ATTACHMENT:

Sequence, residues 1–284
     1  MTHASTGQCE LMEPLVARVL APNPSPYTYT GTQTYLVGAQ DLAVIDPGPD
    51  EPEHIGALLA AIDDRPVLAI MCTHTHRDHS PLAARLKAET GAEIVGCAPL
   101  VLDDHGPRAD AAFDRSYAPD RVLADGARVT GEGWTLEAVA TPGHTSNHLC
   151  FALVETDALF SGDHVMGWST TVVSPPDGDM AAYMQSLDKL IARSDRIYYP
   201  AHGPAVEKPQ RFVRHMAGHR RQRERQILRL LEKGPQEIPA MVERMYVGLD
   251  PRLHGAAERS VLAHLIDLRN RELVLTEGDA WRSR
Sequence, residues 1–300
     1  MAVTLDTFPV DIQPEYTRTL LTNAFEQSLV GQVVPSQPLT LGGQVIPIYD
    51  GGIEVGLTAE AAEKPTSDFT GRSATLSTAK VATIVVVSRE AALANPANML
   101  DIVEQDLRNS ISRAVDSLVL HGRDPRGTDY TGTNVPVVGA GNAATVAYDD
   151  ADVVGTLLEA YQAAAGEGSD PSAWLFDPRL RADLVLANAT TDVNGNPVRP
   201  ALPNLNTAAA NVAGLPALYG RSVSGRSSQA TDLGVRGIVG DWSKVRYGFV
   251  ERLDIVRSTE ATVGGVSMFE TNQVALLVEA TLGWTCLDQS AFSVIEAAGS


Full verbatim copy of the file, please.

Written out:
Sequence, residues 1–284
     1  MTHASTGQCE LMEPLVARVL APNPSPYTYT GTQTYLVGAQ DLAVIDPGPD
    51  EPEHIGALLA AIDDRPVLAI MCTHTHRDHS PLAARLKAET GAEIVGCAPL
   101  VLDDHGPRAD AAFDRSYAPD RVLADGARVT GEGWTLEAVA TPGHTSNHLC
   151  FALVETDALF SGDHVMGWST TVVSPPDGDM AAYMQSLDKL IARSDRIYYP
   201  AHGPAVEKPQ RFVRHMAGHR RQRERQILRL LEKGPQEIPA MVERMYVGLD
   251  PRLHGAAERS VLAHLIDLRN RELVLTEGDA WRSR
Sequence, residues 1–300
     1  MAVTLDTFPV DIQPEYTRTL LTNAFEQSLV GQVVPSQPLT LGGQVIPIYD
    51  GGIEVGLTAE AAEKPTSDFT GRSATLSTAK VATIVVVSRE AALANPANML
   101  DIVEQDLRNS ISRAVDSLVL HGRDPRGTDY TGTNVPVVGA GNAATVAYDD
   151  ADVVGTLLEA YQAAAGEGSD PSAWLFDPRL RADLVLANAT TDVNGNPVRP
   201  ALPNLNTAAA NVAGLPALYG RSVSGRSSQA TDLGVRGIVG DWSKVRYGFV
   251  ERLDIVRSTE ATVGGVSMFE TNQVALLVEA TLGWTCLDQS AFSVIEAAGS